Do you have sufficient in-house cyber security skills?Struggling to find staff with cyber security skills? Can’t find affordable staff to protect your data? That’s not the case for customers of backup and DR specialist, Databarracks. It has revealed that 56% of UK firms claim to have sufficient in-house cyber security skills to deal with threats.

The claim comes as it publishes its latest Data Health Check survey (registration required).

It’s an interesting claim. The UK, like other countries, has a significant skills shortage in this area. There are far more jobs than candidates when it comes to cyber security. This has created an arms race in salaries that has priced companies out of the market as security service providers and vendors bid for those with skills.

Peter Groucutt, Managing Director, Databarracks
Peter Groucutt, Managing Director, Databarracks

Peter Groucutt, managing director of Databarracks commented: “Investment in cyber security safeguards, should translate to improved confidence but the findings show it is yet to make a significant difference.

“We are in the midst of a rapidly accelerating arms race. Organisations are desperately trying to match criminals, by working hard to improve knowledge, training and investment in security defences, but are clearly concerned about keeping pace. Importantly, organisations shouldn’t become disheartened. While confidence levels are not where we hoped, businesses are making positive strides and acting on the front-foot to fight back, which makes us optimistic for the future.”

Increased trust in backup, business continuity and disaster recovery?

The 47 page report throws up some interesting views on how prepared organisations are when it comes to backup and disaster recovery. Questions on backup revealed:

  • 44% are backing up more than 10TB of data, twice the amount they backed up a decade ago.
  • Encryption of backups has also risen but only by 14%. There are still 33% of companies not encrypting their backup.
  • The majority of respondents were also more confident that they could trust their backups. This may be due to the increased attention to backup logs to quickly spot problems. However, the number of completed restore tests is still low. Less than 30% of respondents do any regular restore tests either on-premises or in the cloud.

It seems that DR, often little more than a paper exercise, is getting increased attention. This is likely due to the number of cyber-attacks such as ransomware that have forced companies to invoke their DR plans. The survey shows:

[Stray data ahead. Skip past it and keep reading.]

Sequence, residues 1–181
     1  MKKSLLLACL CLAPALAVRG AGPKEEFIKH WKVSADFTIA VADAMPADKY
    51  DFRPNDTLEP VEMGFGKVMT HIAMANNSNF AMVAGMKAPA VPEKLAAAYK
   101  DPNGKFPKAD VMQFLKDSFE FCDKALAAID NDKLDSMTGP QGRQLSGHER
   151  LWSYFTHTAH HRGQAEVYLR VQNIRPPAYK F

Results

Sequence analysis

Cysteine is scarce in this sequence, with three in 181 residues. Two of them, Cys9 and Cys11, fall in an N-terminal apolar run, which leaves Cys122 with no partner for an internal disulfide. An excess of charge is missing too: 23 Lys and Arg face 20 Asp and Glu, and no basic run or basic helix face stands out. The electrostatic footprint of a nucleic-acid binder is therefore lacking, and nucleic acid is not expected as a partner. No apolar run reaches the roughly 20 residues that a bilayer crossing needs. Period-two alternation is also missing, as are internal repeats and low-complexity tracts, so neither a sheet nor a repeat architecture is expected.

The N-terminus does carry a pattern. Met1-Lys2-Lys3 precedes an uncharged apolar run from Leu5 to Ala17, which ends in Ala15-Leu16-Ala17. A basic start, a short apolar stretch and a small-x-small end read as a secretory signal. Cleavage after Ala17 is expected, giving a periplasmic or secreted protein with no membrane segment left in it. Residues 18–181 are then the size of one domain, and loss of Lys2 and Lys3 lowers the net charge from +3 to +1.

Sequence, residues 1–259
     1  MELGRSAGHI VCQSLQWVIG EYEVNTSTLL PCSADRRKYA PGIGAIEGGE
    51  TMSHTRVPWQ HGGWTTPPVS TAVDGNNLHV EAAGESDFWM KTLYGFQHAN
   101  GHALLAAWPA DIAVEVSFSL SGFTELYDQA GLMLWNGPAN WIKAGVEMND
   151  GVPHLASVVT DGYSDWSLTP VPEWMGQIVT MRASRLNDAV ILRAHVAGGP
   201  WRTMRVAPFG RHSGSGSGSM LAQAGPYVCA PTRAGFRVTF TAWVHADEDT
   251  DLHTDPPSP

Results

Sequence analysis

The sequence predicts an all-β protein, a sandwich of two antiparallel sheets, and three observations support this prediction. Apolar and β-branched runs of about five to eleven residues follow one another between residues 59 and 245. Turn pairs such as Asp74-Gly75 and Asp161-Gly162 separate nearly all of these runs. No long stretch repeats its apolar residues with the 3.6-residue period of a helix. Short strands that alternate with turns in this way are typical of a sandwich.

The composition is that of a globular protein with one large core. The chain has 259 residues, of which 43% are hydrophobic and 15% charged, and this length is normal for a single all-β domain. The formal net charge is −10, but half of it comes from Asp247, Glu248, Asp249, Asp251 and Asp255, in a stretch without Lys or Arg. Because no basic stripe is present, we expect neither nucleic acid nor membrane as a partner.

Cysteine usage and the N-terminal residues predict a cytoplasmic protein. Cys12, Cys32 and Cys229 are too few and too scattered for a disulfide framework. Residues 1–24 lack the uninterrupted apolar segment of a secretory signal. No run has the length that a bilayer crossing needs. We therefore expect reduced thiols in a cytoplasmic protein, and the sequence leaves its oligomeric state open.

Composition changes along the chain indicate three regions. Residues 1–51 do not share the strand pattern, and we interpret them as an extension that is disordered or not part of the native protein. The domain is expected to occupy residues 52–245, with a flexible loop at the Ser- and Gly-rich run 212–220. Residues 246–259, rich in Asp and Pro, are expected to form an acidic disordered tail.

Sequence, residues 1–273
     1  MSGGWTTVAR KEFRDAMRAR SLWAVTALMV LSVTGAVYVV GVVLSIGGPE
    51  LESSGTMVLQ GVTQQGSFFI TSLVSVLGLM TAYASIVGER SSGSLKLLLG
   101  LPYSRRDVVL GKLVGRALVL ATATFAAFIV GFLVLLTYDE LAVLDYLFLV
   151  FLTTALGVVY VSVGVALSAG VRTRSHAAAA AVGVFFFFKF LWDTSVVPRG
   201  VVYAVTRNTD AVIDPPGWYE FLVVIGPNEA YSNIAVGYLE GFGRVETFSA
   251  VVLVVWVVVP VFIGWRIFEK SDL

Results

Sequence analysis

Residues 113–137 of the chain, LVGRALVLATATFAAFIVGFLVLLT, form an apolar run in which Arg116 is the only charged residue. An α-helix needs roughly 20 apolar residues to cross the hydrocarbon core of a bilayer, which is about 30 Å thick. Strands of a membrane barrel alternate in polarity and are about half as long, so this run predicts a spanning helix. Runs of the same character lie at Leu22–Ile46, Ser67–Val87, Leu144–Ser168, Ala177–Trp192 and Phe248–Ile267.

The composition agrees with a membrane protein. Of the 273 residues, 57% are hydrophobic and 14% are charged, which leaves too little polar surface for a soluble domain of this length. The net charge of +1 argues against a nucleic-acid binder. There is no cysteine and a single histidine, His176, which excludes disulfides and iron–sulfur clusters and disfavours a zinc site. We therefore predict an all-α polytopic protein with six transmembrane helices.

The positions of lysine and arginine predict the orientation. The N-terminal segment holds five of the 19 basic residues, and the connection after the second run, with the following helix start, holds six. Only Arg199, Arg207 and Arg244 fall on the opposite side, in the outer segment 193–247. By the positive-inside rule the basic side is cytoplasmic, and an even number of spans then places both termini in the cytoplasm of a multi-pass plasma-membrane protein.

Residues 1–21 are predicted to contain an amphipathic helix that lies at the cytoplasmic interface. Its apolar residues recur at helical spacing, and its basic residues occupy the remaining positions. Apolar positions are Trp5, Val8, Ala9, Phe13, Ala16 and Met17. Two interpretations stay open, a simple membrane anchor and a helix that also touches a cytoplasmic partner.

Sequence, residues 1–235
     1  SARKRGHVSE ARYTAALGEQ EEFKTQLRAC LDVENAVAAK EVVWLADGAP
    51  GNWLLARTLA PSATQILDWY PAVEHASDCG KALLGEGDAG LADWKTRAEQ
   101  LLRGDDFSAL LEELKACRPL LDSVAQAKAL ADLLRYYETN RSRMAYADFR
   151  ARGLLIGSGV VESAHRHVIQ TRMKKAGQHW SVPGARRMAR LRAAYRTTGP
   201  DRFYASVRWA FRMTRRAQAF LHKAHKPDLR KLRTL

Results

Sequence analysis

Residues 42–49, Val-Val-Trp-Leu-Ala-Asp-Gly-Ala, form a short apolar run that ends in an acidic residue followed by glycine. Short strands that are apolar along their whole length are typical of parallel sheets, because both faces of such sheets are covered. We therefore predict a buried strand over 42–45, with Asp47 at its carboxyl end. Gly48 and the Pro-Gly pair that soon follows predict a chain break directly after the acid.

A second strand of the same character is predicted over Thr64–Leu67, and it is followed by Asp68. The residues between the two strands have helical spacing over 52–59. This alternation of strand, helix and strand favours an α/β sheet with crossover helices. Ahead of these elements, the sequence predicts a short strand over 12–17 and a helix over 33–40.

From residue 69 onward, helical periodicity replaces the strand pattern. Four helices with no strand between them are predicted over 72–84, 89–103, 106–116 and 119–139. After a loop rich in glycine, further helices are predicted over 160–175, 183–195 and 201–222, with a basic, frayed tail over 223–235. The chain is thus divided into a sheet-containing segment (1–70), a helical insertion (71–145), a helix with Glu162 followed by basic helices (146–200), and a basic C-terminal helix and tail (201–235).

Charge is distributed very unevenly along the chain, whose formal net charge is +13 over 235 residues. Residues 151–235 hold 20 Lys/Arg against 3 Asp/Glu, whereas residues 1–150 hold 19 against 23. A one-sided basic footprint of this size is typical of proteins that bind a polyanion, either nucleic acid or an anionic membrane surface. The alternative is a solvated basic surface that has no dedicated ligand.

• 82% have a specific DR plan for their IT systems
  • 47% have tested that plan in the last year
  • 68% have tested their plan against specific cyber threats such as ransomware and DDoS
  • 43% were able to meet the Recovery Time Objective set by the board of directors

Over all, most of the above responses are what would be expected. Backup and restore is a mature activity and is core to any BC or DR plan. The only question here is where are the restores and DR tests taking place. Both can be highly disruptive to a business and few companies today have the hardware to replicate their IT infrastructure. However, just running in the cloud is not a given. It requires a lot of attention to dependencies and effective testing.

What about cyber security skills and threats?

This is much more interesting and throws up some interesting responses from the number of cyber threats to the impact of IoT on cyber security.

  • 23% have had a cyber threat in the last year
  • 11% have seen multiple threats
  • 38% have reviewed and updated their security policies in the last year
  • There has been an across the board investment in training, polices and solutions to protect against cyber threats
  • 56% believe they now have sufficient cyber security skills in-house to deal with current threats
  • Concerns over IoT are broadly no different from last year despite 13% putting in new policies to deal with IoT threats
  • Cyber security budgets have increased with 35% saying they have more to spend than last year

Taken at face value this looks positive. But there are some concerns when you look at the wider data. The number of companies seeing cyber threats is still low. Those who have seen one or more threats is still just 34%. This might be due to increased cloud computing where cloud providers are stopping attacks at the boundary.

It is also possible that the increased attention on policies and staff training is having an impact on attacks. If so, that is really good news among this group of organisations.

What does this mean

This is an interesting survey as much for what it doesn’t tell us as what it does. We don’t know how companies are doing their DR testing. Are they replicating their environments in the cloud or doing spot tests on-premises? How are they measuring success of those plans?

In India, banks have to not only implement their DR plans but run the business off of those systems several times a year. Just restoring data and doing a series of random checks is not the same. Few companies like to implement their DR plan due to the disruption to the business. For a DR plan to be effective, there has to be proof of more than the restore worked. Perhaps next year, Databarracks will dig a little deeper into what testing of the DR solution its customers do.

Perhaps the biggest surprise here is that 56% of respondents believe that they have enough cyber security skills in-house. This puts Databarracks customers in an elite group of companies who have been able to attract, employee and retain highly sought after staff.


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